Job Description of a Campaign Coordinator

By Alison Green
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Campaign coordinators are central to the operations and success of a campaign, whether in business, fundraising or politics. Working under campaign managers, coordinators organize and supervise field activities, manage public communications and ensure all activities comply with laws and regulations. These coordinators can come from diverse backgrounds, such as marketing, advertising, public relations and political science.

Using the Skills

Campaign coordinators typically handle several administrative and clerical tasks. They must maintain communication with members of the campaign team, respond to public inquiries and maintain records, all at the same time -- so they require strong multitasking and organizational skills. To give a clear evaluation of the campaign's performance, coordinators require good analytical skills, as well as an eye for detail. Other useful skills are communication, interpersonal, problem-solving and decision-making.

Organizing Activities

The specific duties of campaign coordinators vary by the nature of a campaign. Before an election, political aspirants hire political science campaign coordinators to help them run effective campaigns. In this setting, the coordinators organize fundraising activities to raise campaign money. When the candidate wants to hold a political rally in a specific city, coordinators work to secure a venue and ensure it is well-equipped with a public address system. In business settings, digital campaign coordinators take on Internet marketing campaigns. They work toward implementing the strategies developed by the campaign manager. If the business runs a sales campaign, the coordinator may run online ads in various advertising platforms.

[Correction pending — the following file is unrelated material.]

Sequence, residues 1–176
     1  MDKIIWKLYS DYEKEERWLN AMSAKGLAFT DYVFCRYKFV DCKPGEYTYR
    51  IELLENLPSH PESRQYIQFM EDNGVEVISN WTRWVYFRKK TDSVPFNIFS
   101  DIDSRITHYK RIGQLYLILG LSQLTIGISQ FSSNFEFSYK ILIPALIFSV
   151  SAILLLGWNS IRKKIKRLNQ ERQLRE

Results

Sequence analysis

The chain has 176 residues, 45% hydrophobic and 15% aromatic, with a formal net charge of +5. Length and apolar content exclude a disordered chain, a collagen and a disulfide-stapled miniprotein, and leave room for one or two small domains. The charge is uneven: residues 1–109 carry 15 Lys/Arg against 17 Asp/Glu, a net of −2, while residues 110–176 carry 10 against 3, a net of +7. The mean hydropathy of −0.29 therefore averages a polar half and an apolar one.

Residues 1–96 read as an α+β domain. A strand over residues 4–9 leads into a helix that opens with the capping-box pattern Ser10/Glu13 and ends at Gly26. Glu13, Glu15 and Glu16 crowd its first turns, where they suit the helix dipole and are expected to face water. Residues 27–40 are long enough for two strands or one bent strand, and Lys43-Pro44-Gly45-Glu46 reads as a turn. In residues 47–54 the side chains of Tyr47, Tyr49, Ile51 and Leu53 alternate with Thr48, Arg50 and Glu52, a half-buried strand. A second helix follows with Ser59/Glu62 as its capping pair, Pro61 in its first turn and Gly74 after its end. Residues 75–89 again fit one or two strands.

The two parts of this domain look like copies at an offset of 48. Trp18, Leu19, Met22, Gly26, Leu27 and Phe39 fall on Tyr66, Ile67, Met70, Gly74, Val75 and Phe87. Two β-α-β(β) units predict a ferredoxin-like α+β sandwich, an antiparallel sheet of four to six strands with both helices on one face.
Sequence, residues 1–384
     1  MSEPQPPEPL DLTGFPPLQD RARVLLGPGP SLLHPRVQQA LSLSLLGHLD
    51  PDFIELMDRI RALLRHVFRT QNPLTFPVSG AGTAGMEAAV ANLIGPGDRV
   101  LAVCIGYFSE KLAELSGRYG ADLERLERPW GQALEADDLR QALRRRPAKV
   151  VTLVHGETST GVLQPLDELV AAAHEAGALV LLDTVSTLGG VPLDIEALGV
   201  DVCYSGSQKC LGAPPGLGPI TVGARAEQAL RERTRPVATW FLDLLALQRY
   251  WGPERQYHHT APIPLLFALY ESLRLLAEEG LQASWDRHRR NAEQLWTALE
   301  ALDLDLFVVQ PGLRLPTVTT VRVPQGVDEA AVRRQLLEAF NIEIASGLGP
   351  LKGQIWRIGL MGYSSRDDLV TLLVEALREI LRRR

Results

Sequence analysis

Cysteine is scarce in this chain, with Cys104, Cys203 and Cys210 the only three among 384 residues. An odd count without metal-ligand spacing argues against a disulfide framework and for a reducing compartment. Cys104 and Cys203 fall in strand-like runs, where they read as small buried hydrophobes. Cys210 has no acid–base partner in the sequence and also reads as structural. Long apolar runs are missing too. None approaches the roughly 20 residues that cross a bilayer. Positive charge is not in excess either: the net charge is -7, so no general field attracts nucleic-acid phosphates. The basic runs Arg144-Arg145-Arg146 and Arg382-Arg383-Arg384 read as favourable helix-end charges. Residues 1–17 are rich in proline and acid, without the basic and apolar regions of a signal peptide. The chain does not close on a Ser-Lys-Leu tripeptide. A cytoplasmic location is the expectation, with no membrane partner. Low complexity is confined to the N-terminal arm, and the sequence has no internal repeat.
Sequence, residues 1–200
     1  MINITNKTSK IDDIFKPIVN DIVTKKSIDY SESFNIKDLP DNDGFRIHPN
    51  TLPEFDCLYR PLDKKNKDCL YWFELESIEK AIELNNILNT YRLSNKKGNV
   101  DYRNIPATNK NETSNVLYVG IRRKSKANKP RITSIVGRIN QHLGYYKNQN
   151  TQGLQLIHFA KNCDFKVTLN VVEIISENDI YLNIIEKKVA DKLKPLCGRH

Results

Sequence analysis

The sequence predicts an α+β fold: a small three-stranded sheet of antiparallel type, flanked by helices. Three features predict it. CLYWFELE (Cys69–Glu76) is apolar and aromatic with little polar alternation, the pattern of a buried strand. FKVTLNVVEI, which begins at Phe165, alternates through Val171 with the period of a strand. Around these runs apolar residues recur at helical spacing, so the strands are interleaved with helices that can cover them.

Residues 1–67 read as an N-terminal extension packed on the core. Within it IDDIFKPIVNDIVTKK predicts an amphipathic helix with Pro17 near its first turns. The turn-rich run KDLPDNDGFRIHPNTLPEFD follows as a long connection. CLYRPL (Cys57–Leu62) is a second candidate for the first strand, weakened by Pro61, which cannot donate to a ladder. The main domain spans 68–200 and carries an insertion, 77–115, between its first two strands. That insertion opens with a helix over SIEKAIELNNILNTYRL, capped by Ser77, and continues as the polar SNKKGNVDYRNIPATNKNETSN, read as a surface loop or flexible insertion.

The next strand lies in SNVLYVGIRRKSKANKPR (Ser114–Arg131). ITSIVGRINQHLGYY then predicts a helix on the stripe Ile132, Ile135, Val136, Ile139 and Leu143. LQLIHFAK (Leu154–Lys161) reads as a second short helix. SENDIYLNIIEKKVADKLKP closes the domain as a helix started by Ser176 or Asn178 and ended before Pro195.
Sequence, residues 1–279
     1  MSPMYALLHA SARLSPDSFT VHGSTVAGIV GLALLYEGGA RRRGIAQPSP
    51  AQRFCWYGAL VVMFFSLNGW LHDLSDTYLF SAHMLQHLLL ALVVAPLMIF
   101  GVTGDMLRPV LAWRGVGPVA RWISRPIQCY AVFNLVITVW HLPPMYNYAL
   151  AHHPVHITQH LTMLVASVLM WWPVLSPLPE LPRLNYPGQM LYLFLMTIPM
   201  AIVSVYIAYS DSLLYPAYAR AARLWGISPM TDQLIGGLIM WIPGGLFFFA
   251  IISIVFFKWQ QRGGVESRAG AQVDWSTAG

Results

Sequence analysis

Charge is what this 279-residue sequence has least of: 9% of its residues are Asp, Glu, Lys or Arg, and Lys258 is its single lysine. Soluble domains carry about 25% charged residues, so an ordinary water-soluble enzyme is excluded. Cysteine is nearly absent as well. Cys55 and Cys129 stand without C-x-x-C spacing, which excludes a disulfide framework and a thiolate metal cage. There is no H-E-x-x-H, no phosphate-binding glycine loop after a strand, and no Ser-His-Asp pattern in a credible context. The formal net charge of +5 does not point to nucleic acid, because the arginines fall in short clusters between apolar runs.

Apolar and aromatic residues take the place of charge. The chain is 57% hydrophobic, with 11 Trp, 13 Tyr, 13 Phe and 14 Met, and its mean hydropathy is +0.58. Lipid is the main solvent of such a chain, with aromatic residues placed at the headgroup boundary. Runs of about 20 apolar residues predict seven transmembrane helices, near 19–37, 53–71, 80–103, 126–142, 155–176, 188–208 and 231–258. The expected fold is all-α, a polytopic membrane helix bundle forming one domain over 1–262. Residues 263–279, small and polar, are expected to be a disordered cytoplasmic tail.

Compiling Campaign Reports

Regardless of setting, campaign coordinators have some common duties, such as compiling reports detailing the performance of the campaigns. In an environmental campaign, for instance, the coordinator would monitor and report on the number of volunteers joining the campaign and any reactions from relevant government departments. Campaign coordinators also participate in the recruitment and training of junior employees, and may collaborate with campaign managers to set campaign goals. If members of the public call to inquire about the progress of the campaign, the coordinator has a duty to provide this information.

Getting the Job

An aspiring campaign coordinator must earn at least a bachelor’s degree in a relevant field. Those looking to work for political organizations should obtain a degree in political science, while a degree in marketing would be a good fit for those who want to work for businesses. Because experience is a key employment requirement, most campaign coordinators begin in entry-level campaign positions, such as field organizer, and work their way up. A combination of vast job experience and advanced qualifications, such as a graduate degree in public or business administration, is what campaign coordinators need to become campaign managers or directors.

About the Author

Based in New York City, Alison Green has been writing professionally on career topics for more than a decade. Her work has appeared in “U.S. News Weekly” magazine, “The Career” magazine and “Human Resources Journal.” Green holds a master's degree in finance from New York University.